DANIEL GOTTLIEB (Sweet Briar College)

The study of Pavlovian conditioning has progressed like most successful areas of basic scientific research: through the investigation of questions that, at a given time, are the most answerable and the most broadly applicable. Over the last several decades, the field has made enormous progress in characterizing the general function of Pavlovian conditioning as well as in understanding more specific phenomena. Perhaps the greatest strides, however, have been in the area of methodological advancement. A stunning array of previously untestable questions are now empirically addressable, not because of advances in technology but rather because of advances in experimental design and statistical analysis. I will briefly highlight recent advancements of which few who work outside of the field are aware. I will then discuss some of the questions most in need of answering in the future. There is nothing esoteric about modern research in Pavlovian conditioning, and there is more of use still to be learned.


Where There's a Will, There's a Way: Motivation and the Experimental Analysis of Behavior

MATTHEW LEWON (University of Nevada, Reno), Linda J. Parrott Hayes (University of Nevada, Reno)

The study of motivation within behavior analysis has historically pertained to organism-environment interactions that alter the extent to which stimuli function as reinforcers and/or aversive stimuli, thereby producing a change in an organisms behavior with respect to such stimuli. In contemporary behavior analysis, such interactions are typically accounted for via the motivating operation (MO) concept. While an increasing number of applied studies are manipulating MOs as the independent variables of interest, such studies remain rare within the experimental analysis of behavior (EAB), and relatively little is known about the effects of different motivational states on a variety of otherwise well-studied phenomena, including habituation to reinforcers, delay discounting, stimulus control, and escape and avoidance learning. Furthermore, the environmental conditions associated with the phenomena we learn to describe as emotions appear to function as MOs, a phenomena that was relatively well-studied during the early years of EAB but has received relatively little attention in the last 50 years. In the present paper, all of these issues will be discussed and we will argue that motivation is one of the many areas in which further basic experimentation is required.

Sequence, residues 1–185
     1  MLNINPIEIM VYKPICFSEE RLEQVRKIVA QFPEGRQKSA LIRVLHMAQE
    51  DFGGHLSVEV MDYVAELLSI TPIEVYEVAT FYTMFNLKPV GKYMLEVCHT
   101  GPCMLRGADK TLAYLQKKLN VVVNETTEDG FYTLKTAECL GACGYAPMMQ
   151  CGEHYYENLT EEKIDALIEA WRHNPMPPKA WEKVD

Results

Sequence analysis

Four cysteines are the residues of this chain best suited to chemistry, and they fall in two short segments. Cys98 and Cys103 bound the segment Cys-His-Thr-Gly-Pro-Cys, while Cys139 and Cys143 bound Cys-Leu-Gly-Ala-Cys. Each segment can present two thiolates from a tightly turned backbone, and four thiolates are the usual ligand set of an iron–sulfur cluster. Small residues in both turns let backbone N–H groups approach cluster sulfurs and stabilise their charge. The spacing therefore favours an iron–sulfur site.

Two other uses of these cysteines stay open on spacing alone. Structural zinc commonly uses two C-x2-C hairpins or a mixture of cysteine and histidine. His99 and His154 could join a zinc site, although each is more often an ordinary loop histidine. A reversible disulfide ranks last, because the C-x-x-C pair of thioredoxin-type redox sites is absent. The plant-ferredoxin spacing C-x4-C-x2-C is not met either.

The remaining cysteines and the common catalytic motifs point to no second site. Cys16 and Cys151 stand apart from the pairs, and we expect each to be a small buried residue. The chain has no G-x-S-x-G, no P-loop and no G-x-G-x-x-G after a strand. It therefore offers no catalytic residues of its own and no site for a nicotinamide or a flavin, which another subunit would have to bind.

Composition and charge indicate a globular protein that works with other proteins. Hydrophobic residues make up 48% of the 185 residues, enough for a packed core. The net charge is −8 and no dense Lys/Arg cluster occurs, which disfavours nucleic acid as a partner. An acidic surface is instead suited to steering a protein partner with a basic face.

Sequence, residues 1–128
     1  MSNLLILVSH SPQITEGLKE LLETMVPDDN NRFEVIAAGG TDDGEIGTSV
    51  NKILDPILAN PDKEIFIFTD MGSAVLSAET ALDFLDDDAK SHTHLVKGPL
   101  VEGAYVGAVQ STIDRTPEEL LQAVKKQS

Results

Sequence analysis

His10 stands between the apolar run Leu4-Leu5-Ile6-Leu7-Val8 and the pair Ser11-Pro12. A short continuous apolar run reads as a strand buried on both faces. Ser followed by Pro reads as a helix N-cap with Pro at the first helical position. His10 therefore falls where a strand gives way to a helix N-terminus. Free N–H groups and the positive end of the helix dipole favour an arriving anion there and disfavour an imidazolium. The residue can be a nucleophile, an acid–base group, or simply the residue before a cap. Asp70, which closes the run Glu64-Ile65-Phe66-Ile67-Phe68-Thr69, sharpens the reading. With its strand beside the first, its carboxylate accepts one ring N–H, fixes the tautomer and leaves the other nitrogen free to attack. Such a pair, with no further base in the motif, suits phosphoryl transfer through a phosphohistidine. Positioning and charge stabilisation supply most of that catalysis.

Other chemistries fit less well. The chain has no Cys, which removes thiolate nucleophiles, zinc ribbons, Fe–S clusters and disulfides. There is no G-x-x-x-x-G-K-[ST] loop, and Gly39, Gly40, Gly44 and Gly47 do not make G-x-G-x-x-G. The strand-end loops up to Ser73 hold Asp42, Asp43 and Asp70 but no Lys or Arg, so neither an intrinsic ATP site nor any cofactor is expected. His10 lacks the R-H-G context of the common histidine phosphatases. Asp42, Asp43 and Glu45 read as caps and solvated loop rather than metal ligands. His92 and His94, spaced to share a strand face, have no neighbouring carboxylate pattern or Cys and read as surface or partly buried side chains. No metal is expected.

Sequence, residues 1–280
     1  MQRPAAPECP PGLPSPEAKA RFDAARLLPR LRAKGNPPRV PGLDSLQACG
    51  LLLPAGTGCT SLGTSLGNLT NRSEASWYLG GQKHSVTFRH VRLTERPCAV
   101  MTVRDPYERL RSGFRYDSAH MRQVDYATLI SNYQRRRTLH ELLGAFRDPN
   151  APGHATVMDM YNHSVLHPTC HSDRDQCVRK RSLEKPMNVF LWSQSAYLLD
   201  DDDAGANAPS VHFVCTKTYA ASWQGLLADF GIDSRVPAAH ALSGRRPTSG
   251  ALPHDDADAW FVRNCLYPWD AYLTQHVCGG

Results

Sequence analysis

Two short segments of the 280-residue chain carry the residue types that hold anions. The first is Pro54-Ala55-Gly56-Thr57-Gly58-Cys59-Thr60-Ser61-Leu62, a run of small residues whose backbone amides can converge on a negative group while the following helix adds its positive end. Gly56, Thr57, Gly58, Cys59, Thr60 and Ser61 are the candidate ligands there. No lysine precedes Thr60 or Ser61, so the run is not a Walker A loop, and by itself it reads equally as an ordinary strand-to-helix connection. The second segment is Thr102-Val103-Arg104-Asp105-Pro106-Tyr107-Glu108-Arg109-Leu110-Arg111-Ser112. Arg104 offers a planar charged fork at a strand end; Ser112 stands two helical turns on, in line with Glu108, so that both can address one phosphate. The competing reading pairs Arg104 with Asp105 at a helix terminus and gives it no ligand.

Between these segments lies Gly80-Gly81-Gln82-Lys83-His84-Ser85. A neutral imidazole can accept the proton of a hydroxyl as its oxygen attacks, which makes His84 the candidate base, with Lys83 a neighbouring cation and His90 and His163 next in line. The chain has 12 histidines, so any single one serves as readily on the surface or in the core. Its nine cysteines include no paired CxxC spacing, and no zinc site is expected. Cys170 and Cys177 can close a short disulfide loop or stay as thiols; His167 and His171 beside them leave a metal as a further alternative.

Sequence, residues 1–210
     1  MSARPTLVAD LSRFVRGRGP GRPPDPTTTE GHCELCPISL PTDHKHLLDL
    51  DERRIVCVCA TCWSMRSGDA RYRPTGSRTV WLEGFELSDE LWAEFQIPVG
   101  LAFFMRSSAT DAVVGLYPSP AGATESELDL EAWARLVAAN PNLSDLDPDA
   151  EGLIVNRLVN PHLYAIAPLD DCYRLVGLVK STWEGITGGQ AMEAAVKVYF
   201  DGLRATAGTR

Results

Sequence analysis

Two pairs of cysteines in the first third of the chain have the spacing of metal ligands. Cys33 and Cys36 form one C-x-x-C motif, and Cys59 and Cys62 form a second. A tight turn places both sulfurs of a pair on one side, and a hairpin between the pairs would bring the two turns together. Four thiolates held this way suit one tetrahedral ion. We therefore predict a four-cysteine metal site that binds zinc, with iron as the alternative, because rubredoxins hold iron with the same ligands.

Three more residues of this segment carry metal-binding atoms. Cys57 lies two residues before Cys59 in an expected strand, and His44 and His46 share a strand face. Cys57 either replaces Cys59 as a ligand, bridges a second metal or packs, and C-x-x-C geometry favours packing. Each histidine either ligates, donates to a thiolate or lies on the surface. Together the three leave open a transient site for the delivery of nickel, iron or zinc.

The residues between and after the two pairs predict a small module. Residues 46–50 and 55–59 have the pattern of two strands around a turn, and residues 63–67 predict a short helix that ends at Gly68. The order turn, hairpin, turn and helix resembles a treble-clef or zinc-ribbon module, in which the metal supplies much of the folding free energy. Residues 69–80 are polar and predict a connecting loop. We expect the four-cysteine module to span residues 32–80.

Persistently Momentous: Basic Research on Behavioral Momentum

AMY ODUM (Utah State University), Andrew R. Craig (Utah State University), John A. Nevin (University of New Hampshire)

One way to conceptualize behavior is in terms of its persistence. Some behavior challenges may result from behavior that lacks persistence (e.g., poor academic performance, lack of exercise), while others may stem from behavior that is too persistent (e.g., addiction, anxiety). Behavioral momentum encompasses the empirical study of the factors contribute to response persistence as well as a theoretical system for understanding those factors. Briefly, how fast a behavior occurs is separable from how persistent it will be. Response rate is related to response-reinforcer contingencies, whereas resistance to change is related to stimulus-reinforcer relations. This straightforward distinction has important, counterintuitive, and under-appreciated implications for our attempts to modify behavior.